An MTSU program will enable high school students to take courses this fall that will introduce them to the study of nutrition.
One of the classes is “Nutrition Across the Life Span,” which typically is taken in the sophomore year. Students take the exam in May after completing the high school class, and students who pass receive credit for MTSU’s “Principles of Nutrition” class.
The other class, “Nutrition Science and Diet Therapy,” typically is taken in the junior year. This class can be taken for dual enrollment and aligns with MTSU’s “Nutrition for the Health Sciences” class. As well as offering free college credit, completing dual enrollment classes may help students qualify for graduation with honors or distinction.
“Nutrition Science and Diet Therapy” is more science-oriented than “Nutrition across the Life Span.” However, high school students may take either class as an elective during the senior year.
In addition, the students may take either of the MTSU classes, “Principles of Nutrition” or “Nutrition for the Health Sciences,” as dual enrollment students who go to other high schools.
“We typically have students from Siegel or Blackman (high schools) take one of the classes as dual enrollment without being affiliated with Riverdale or Oakland (high schools),” said Janet Colson, a professor of nutrition and food science in MTSU’s Department of Human Sciences and a registered dietitian.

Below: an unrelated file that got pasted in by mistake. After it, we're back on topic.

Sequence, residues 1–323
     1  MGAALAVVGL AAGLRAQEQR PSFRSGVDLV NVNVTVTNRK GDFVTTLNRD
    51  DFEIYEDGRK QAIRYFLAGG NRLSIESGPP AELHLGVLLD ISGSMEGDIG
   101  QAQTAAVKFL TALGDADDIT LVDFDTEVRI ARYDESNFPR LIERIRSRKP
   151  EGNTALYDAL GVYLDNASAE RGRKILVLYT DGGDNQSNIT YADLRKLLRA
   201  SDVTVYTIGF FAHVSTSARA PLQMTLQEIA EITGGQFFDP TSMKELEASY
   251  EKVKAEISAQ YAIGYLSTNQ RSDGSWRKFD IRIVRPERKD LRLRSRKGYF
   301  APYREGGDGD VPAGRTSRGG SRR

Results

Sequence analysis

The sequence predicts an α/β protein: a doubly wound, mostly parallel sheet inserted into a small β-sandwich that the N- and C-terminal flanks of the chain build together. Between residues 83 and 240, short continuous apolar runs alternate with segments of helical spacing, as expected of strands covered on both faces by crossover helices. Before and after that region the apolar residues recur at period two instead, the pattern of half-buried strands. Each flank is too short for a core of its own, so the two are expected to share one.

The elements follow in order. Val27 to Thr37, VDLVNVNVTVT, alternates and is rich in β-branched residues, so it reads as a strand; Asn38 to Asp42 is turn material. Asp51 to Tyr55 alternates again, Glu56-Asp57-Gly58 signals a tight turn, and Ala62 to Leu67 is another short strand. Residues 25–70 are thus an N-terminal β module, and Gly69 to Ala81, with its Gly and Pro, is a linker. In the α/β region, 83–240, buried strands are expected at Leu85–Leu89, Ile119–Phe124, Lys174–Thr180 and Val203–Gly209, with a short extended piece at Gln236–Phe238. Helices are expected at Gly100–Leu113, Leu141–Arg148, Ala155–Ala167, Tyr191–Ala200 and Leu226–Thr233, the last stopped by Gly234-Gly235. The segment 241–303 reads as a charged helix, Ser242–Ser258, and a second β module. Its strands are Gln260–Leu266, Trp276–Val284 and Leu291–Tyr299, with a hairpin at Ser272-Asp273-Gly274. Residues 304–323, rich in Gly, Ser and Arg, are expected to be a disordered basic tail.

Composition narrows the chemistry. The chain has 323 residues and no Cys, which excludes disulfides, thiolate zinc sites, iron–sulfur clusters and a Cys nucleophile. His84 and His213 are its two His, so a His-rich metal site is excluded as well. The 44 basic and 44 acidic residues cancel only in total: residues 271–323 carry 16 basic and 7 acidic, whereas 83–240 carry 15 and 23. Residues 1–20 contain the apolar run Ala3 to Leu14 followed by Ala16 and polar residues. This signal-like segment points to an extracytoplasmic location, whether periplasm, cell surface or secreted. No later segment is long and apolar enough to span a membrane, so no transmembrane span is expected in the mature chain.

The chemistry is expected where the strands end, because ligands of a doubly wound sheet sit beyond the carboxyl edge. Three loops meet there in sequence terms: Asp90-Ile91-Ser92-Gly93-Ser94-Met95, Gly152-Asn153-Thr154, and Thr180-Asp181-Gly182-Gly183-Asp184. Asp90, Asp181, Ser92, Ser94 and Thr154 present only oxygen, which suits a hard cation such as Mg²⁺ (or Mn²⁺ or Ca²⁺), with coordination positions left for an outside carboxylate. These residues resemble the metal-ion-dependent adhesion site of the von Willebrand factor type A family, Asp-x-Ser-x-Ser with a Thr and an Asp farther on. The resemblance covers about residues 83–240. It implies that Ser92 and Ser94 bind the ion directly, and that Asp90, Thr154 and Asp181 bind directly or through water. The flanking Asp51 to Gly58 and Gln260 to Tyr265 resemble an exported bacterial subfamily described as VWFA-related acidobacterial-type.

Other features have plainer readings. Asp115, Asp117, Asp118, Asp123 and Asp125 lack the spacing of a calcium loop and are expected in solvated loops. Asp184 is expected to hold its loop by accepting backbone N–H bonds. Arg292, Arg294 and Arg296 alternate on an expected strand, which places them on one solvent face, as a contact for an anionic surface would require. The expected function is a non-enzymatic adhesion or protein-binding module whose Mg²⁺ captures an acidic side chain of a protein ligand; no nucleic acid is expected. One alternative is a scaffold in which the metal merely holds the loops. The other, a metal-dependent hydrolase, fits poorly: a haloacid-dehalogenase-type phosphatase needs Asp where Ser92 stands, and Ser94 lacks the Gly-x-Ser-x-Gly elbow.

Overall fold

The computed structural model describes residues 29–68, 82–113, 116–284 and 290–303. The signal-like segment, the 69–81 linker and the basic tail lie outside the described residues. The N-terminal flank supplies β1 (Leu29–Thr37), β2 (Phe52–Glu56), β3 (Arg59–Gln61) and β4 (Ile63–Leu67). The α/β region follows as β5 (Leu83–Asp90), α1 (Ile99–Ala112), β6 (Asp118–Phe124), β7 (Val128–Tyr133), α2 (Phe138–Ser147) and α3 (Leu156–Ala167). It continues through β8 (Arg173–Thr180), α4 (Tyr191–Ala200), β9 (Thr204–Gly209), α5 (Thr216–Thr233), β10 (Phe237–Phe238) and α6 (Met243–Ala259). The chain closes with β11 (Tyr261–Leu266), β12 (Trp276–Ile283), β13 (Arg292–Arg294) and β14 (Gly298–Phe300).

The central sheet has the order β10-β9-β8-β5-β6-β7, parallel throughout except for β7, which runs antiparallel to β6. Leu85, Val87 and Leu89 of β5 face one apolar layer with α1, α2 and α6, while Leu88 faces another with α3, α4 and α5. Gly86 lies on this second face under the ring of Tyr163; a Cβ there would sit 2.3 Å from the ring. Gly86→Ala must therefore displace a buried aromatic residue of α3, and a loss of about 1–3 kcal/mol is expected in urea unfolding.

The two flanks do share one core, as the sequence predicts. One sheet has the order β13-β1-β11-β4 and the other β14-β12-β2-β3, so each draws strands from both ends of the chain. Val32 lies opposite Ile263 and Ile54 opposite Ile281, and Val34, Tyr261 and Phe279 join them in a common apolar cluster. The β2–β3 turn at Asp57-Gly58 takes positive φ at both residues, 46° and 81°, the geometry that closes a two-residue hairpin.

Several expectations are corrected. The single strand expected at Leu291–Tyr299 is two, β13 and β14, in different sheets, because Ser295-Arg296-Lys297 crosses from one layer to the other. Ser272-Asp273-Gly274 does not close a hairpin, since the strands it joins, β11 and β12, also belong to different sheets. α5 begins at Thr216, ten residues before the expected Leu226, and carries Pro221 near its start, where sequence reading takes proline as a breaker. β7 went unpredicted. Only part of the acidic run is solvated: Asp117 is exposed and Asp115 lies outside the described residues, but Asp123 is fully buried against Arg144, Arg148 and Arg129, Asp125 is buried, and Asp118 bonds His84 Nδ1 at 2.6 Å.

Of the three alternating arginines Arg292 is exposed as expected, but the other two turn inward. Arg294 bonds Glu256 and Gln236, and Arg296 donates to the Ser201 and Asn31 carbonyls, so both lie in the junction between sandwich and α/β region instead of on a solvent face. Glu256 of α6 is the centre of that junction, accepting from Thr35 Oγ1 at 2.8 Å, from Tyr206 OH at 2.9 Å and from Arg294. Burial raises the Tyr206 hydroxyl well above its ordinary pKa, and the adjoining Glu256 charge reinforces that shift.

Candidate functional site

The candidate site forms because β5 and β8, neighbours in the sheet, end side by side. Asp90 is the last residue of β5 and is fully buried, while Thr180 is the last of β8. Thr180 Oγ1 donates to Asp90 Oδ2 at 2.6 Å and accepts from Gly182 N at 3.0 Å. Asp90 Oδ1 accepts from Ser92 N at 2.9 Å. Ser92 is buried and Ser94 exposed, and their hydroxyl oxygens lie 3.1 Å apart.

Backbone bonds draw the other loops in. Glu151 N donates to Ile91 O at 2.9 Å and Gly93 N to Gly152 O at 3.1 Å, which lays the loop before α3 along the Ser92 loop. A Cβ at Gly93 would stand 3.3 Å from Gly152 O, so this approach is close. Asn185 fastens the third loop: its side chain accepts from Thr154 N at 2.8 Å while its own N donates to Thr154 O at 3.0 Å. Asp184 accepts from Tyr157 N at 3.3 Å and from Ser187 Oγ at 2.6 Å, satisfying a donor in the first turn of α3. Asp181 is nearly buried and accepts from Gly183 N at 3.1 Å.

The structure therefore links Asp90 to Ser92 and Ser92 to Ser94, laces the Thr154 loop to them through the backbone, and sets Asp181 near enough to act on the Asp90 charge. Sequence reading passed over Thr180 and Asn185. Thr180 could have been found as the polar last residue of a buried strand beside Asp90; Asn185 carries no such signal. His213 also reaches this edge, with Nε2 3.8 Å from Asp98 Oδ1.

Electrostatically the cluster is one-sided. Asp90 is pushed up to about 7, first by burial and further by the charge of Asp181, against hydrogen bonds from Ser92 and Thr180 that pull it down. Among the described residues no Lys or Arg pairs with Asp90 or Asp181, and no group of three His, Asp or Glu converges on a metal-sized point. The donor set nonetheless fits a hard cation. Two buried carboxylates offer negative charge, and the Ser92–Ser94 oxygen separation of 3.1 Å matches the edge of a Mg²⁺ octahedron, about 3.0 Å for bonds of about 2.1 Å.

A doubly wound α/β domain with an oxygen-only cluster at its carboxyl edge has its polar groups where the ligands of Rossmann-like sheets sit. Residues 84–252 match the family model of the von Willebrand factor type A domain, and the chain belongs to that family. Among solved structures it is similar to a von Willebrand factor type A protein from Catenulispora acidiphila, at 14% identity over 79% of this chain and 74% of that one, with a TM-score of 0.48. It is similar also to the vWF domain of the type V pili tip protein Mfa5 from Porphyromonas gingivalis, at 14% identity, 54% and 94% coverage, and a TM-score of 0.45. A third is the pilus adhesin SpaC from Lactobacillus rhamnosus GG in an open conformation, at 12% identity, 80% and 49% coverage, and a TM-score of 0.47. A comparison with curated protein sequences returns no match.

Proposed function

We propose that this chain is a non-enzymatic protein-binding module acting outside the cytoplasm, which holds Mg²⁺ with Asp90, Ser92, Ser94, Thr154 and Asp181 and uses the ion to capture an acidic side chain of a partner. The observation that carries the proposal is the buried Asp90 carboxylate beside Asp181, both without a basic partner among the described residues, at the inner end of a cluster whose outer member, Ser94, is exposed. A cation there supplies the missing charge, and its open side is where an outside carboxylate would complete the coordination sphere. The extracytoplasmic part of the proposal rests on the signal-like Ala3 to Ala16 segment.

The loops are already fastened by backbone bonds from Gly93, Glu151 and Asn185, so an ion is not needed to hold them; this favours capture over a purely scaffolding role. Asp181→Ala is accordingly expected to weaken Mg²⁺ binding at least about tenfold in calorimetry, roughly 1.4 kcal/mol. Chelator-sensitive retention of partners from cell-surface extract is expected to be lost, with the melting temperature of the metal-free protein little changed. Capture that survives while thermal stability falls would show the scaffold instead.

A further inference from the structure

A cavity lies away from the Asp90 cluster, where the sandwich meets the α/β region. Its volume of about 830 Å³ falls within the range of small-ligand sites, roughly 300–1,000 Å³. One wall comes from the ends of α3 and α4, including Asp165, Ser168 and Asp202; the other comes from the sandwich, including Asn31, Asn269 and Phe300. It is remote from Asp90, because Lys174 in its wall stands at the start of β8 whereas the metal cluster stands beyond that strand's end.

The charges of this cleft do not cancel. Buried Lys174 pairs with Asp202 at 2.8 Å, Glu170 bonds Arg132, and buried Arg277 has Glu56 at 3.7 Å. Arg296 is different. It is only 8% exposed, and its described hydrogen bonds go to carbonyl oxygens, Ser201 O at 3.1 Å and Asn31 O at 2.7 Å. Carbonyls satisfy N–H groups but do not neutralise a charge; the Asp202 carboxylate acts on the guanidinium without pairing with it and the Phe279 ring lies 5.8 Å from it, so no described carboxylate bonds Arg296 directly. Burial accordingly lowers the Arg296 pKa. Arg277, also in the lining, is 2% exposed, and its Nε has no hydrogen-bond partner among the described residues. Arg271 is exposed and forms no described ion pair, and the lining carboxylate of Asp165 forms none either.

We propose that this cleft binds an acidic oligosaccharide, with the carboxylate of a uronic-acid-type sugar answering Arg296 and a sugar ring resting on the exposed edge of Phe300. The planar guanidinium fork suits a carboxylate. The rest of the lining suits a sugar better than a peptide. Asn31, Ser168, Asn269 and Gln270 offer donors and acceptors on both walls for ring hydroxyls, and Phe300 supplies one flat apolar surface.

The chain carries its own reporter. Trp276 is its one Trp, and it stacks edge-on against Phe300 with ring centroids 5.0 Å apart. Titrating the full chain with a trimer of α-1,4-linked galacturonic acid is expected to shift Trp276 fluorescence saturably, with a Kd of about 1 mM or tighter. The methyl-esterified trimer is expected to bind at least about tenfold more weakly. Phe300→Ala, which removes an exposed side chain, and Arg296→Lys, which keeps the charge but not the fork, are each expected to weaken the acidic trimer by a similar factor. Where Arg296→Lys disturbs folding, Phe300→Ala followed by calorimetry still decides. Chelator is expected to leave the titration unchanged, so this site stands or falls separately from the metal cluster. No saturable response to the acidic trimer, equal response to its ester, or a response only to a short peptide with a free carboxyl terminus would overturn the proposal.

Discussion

As well as offering free college credit, completing dual enrollment classes may help students qualify for graduation with honors or distinction.
Riverdale High School teacher Jaime Brown, an MTSU alumna, teaches some of those students. She said there were about 20 in her nutrition dual enrollment class last year. Brown said some students just want more information on how nutrition can help them be healthier personally, but others become fascinated with the field’s career possibilities.
“A lot of them are interested in a nutrition career, and a lot of them are just curious,” Brown said. “They just want to see what it’s about and what they can learn.”
“Some of Jamie’s students have actually worked as dietary aides for the national health care facilities,” Colson said. “She is very, very interesting, and she makes students want to learn and want to take her class.”
Elizabeth Ann Smith, an assistant professor of nutrition and food science, said those students who develop an interest in nutrition as a career have a wide variety of options available to them.
“It does not have to be that you’ll actually go into a clinical setting like a hospital with sick patients,” said Smith, who also is a registered dietitian.
The nutrition courses were made possible by the Tennessee Pathways program, a collaboration among K-12 education, postsecondary education and employers to augment the state’s goal of helping more Tennesseans obtain college degrees or certificates.
For more information, contact Colson at email@example.com, Smith at firstname.lastname@example.org or Brown at email@example.com.
— Gina Logue (firstname.lastname@example.org)